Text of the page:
What’s your story as a band?

Iron Range hails from Nashville, TN, but of course is made up of a cocktail of midwesterners, east coasters, and an Oregonian to boot.  The band started as an initial  solo project for lead singer and multi-instrumentalist, Ben Garrett, but once the band was assembled and played it’s first show at The Basement’s “New Faces Night,” in May of 2017, Mike Grimes, who was MC’ing the evening, proudly proclaimed the act an obvious example of a “band,” and ultimately, the group agreed and became, Iron Range. From there on out, the band has self-produced and embraced the indie rock / Americana road that lies before them. In October of 2020, the band released their self-produced album, Future Fortunes. Riding on the creative fervor and free-time that came with the COVID-19 pandemic, 2020/2021 has allowed the band to quickly work up a follow-up album, with a new single (released 9-17-21), “Shadows In The Night”, accompanied by a music video.

What do you want your music to communicate?

Something approximating the truth, the bended truth, and that feeling you get on an extended road trip when the coffee, music, and view are working perfectly in a haze of melancholy harmony.

What are some sources of inspiration for your storytelling?

It’s all one big stew of inspiration. Life, of course being the most prominent touchpoint of inspiration. Other than that, we love movies (Tarantino, Coen Brothers, Paul Thomas Anderson…Ken Burns), Literature (J.D. Salinger, Hemingway, Hunter S. Thompson, Charles Bukowski), and musically, we’re all over the map with Bob Dylan, Talk Talk, Steely Dan, St. Vincent, and the usual suspects 😉

Who is an artist that you look up to more than others today?

The War On Drugs is a big influence amongst the band, as they’re seemingly doing exactly what they want and painstakingly making the exact records that they want to make. Kacey Johansing, The Killers, Big Red Machine, My Morning Jacket fall into that category  too. Being in Nashville, it’s pretty tough feel like that’s even a *good* way of thinking about music, as the industry thats in this town is far more concerned with metrics, money, and stardom than nurturing artists and their art. The critique luckily doesn’t leave us disillusioned or destitute, because there is proof that there listeners who want great art and they can be seen by bands like War On Drugs’ success. There is hope, as far as I’m concerned.

What’s the record or artist that made you realize you wanted to be an act?

Tom Petty’s “Wildflowers” rings true as an album that I first heard that got the idea of being a musician floating around in my head. 

Tell us about your latest release and how it came about

Our newest release is a single called,  Shadows In The Night. This song came out of a co-write with myself (Ben Garrett) and guitarist, Wyatt Marsh. We had just driven 1000 miles to buy a vintage Soundcraft 200B Mixing console and were in a haze of coffee and great music, namely Tom Petty rarities. A few days later, we got together to work with the console and figured we had might as well write something. Out came, Shadows In The Night, which feels like a great driving song and finds itself somewhere between Tom Petty, Bruce Springsteen, and Genesis.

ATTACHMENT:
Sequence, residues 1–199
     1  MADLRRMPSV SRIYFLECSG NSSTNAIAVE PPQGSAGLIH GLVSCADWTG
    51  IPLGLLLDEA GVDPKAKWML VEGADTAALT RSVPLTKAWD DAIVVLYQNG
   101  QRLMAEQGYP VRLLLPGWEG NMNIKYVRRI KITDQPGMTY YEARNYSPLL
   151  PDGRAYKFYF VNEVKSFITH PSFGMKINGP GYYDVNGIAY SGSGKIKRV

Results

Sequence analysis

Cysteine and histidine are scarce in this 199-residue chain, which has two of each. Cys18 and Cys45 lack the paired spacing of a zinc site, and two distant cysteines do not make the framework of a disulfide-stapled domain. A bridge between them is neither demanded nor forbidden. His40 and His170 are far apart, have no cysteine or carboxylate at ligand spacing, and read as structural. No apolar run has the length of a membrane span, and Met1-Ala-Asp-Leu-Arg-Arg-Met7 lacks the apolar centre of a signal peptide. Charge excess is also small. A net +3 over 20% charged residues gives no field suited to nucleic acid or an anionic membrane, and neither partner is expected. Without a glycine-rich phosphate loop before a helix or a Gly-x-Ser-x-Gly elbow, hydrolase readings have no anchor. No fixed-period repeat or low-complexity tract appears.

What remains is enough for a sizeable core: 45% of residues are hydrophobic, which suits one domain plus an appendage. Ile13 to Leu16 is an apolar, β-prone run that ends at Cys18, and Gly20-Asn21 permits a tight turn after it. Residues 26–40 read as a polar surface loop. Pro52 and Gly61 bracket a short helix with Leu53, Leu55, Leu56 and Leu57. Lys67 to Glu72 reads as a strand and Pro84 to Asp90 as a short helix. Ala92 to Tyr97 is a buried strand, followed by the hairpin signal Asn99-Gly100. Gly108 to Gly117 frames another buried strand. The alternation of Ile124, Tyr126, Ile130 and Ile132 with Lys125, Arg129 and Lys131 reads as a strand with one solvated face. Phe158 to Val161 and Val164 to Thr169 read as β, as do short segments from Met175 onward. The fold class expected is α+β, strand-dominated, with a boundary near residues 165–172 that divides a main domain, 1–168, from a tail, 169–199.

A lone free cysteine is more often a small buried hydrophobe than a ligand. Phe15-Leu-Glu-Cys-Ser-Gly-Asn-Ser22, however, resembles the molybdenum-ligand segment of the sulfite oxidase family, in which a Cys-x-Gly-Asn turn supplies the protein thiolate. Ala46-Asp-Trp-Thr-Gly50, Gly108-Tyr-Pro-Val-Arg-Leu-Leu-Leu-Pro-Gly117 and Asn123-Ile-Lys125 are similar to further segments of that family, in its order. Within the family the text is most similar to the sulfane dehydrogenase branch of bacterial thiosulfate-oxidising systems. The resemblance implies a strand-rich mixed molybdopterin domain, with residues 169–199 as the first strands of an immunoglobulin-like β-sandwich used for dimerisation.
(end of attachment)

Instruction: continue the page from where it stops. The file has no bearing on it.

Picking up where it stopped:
What inspires your sound?

We’re pretty excited about 70’s-90’s music right now. Gender bending period specific sounds by blending 70’s and 80’s is currently what’s inspiring us. Mixing a chorus doused Yamaha CP-70 piano with a dry small drum tone and a 90’s Sheryl Crow acoustic. That’s where we’re headed.

What’s your favorite tune of yours?

Currently, Shadows In The Night. From the full-length LP, I’d have to say Paint Me A Fool. PMAF was a co-write with everyone in the band and centers around a weird day sitting on a tour bus facing the gulf of Mexico in Corpus Christi, TX.

Where are some things you really want to accomplish as an artist?

Our goal is to tour heavily and make great records that hold up. We’re such a live band and its always apparent when we walk off stage that our home base is playing music in front of people. That being said, the studio would be a close second for our home base, as we spend nearly every day working on something new for the Iron Range catalogue. We’d be thankful to tour and make records the rest of our lives and have enough income to keep food on the table!

Favorite lyric you ever wrote?

“The calendar reminds me where I’m going and my calloused hands remind me that there’s no knowing…” – Everywhere & Nowhere

Was there ever a moment when you felt like giving up?

Truthfully, the pendulum swings between confidence and the feeling of imposter syndrome. Music is our thing and we’ll continue doing it no matter what. It’s our burden and our blessing all wrapped in to one. If I get in to thinking about “success” and what  I don’t currently have, it definitely leads me to feeling like maybe this whole thing is just a waste of energy, but then I realize that its my favorite thing in the world. Nashville will surely leave you feeling either high or pretty damn dry. The highly competitive nature that comes with living in Nashville keeps us sharp and most importantly, sharply dressed.

Where do you think of the Nashville music scene?

The Nashville music scene has so much potential. The caliber of artists that rise to the top are simply second to none. All of that to say, I’ve spent time in other music scenes, namely, Minneapolis, MN, and I think Nashville could certainly learn a thing or two from scenes that aren’t so focused on getting a record deal, management, and “hitting the big time”. Obviously, the goal is to succeed, but living in a town that is so industry focused for sure leads to a scene that pushes smaller indie acts who are pushing boundaries to the fringe. The fringe is where the good stuff happens. What outfit isn’t made better with fringe!? 🙂